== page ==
As Centrist and Substantial as the Hole in a Bagel
Lloyd, the producer of “Watchmen” and the guy who beat me for Student Council President of my Junior High was in a Facebook uproar:
LLOYD: Enough already. From both sides of the aisleAnalysis: Untruths have consequences in politics - Yahoo! News
AARON: We should get rid of everyone and start over...
JEFFREY TAMBOR: Lloyd, have you read Senator Bayh this morning in the NY Times? interesting--especially coming from an "insider"--
LLOYD: "Goodbye to all that"? And the burgeoning centrist party? Whatever it takes. Let's put people in office committed to getting things done, fixing the mess we're in. We should have no patience for the pointing of fingers and laying blame and partisan politics.
When rich white men, including a substantial portion of the punditocracy, start calling for a centrist third party, usually headed by Michael Bloomberg, one has to ask what they think is missing from our current line-up of choices.
We have lately been faced with populist outrage over Wall Street misbehavior followed by bailouts without consequence and no subsequent reform.
And we have two parties that looked at the bailouts as if they are root canal, because it is, and each split on then internally.One party is headed by a President who sometimes seems incapable of expressing outrage at the financial sector’s outrages, but at least proposes some reforms to the system and makes some efforts at making Wall Street share some of the burdens they‘ve inflicted upon the rest of us.
The other party expresses plenty of outrage at the bailouts their policies made necessary, but cannot muster one lousy member committed to a single reform, or to any efforts to make Wall Street share in the consequences and costs of their actions.The proposed solution: Bloomberg, the kindly avuncular absent minded billionaire, who can’t even remember what happened to the $750,000 he misplaced.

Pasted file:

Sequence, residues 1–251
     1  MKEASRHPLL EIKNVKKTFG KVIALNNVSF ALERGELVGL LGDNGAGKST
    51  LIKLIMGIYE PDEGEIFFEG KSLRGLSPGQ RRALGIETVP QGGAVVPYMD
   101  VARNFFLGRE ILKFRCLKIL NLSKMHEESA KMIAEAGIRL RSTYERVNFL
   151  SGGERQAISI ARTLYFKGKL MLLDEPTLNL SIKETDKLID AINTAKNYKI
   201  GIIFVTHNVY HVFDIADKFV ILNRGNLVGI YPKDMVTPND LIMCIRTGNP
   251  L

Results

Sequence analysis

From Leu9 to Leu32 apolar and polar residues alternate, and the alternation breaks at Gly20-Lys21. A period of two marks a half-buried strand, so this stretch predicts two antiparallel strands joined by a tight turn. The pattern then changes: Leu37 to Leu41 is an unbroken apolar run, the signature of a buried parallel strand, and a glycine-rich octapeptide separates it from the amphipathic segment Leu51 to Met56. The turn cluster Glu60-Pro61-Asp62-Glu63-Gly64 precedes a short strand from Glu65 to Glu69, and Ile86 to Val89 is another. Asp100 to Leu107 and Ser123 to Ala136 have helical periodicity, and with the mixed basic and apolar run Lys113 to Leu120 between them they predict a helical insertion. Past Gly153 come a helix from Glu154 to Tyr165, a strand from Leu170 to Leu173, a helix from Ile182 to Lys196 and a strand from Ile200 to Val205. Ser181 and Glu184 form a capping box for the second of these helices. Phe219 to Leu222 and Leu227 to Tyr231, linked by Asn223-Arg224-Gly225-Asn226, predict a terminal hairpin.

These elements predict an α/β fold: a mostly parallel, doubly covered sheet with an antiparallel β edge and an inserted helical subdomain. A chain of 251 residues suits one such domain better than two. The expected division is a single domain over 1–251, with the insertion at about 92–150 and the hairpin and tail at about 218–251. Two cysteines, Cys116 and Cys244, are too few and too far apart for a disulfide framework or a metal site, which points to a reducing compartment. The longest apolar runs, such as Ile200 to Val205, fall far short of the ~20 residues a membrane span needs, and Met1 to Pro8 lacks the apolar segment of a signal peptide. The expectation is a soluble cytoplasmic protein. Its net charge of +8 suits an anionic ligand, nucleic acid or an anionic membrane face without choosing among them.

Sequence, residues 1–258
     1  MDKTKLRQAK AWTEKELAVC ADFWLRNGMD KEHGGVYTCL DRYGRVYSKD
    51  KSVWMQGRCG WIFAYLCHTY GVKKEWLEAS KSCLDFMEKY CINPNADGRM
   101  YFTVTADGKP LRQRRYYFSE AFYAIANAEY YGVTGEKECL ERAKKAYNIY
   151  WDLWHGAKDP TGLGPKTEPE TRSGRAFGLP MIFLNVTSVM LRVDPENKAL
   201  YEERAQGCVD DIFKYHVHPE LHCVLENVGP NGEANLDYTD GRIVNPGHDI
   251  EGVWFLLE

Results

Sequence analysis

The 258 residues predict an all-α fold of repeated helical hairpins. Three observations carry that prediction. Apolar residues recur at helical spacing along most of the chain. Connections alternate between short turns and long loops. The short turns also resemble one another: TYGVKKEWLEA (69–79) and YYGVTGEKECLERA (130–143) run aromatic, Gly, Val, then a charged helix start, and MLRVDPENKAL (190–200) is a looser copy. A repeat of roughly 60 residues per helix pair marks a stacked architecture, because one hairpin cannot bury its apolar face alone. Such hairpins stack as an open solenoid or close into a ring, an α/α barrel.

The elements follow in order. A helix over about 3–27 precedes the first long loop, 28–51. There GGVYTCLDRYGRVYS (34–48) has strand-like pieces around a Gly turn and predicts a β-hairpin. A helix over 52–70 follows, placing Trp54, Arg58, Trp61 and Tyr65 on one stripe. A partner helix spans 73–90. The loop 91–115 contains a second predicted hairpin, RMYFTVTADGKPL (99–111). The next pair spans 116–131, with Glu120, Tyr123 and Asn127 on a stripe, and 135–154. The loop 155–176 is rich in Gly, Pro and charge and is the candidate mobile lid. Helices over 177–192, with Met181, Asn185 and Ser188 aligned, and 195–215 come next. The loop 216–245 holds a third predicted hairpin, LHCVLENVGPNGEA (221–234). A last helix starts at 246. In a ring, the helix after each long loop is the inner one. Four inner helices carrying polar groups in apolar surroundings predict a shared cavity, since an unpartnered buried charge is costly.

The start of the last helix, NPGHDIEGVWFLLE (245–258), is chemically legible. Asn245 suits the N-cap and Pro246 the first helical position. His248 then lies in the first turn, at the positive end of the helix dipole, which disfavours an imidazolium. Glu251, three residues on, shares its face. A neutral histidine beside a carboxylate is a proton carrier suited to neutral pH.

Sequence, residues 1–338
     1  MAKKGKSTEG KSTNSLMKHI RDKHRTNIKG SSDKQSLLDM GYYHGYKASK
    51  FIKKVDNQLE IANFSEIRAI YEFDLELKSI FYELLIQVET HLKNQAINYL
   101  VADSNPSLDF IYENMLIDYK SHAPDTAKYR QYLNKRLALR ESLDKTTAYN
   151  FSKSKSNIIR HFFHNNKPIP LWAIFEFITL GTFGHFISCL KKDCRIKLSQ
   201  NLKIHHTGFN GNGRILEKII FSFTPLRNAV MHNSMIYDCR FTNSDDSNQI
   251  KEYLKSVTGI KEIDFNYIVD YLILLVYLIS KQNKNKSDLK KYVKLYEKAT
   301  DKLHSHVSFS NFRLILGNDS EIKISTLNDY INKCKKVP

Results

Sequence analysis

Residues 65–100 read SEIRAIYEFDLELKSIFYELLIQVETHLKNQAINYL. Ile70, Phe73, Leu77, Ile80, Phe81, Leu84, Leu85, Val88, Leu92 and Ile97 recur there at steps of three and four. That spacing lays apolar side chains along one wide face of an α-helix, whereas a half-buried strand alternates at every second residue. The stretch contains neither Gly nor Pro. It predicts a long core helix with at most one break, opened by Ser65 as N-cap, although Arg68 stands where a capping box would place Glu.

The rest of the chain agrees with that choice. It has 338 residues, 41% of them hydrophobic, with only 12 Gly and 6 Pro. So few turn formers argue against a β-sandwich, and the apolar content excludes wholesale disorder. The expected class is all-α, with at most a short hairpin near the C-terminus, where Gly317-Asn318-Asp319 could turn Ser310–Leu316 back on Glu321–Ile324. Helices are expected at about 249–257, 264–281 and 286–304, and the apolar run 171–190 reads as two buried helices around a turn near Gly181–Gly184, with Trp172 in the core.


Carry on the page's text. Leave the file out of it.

Bloomberg’s centrism is definitely different than the policies of either major party. Unlike the other parties, Bloomberg supported the bailouts enthusiastically.
And he splits the difference elsewhere in a perfect illustration of how bi-partisanship actually works.
Bloomberg combines Obama’s lack of outraged rhetorical with the Republican opposition to any reforms or consequences for the malefactors.
There may be room for a “centrist” party articulating unfocussed populist outrage, but it won’t attract many white millionaires, and it won’t be headed by a man who repealed term limits supported by the public in two separate referendums.
In truth, we have a centrist party; it is called the Democrats. The old liberal and centrist Republicans have been excluded from their own party by extremists desiring fewer and better Republicans, and they‘re pretty much trying to oust the moderate conservatives as well. Meanwhile, as Bill Clinton put it, we (the Democrats) have become Eisenhower Republicans.
Some on the left who understand this also think we need a new party. If we had some form of proportional representation, a system with its own ugly pitfalls, or instant run-off voting, I might say Godspeed, but with our current form of “first to gate” elections, this is just a formula for defeat.
A new party of the center, or the left, is just an invitation to divide and conquer, and a restoration of the American Phalange
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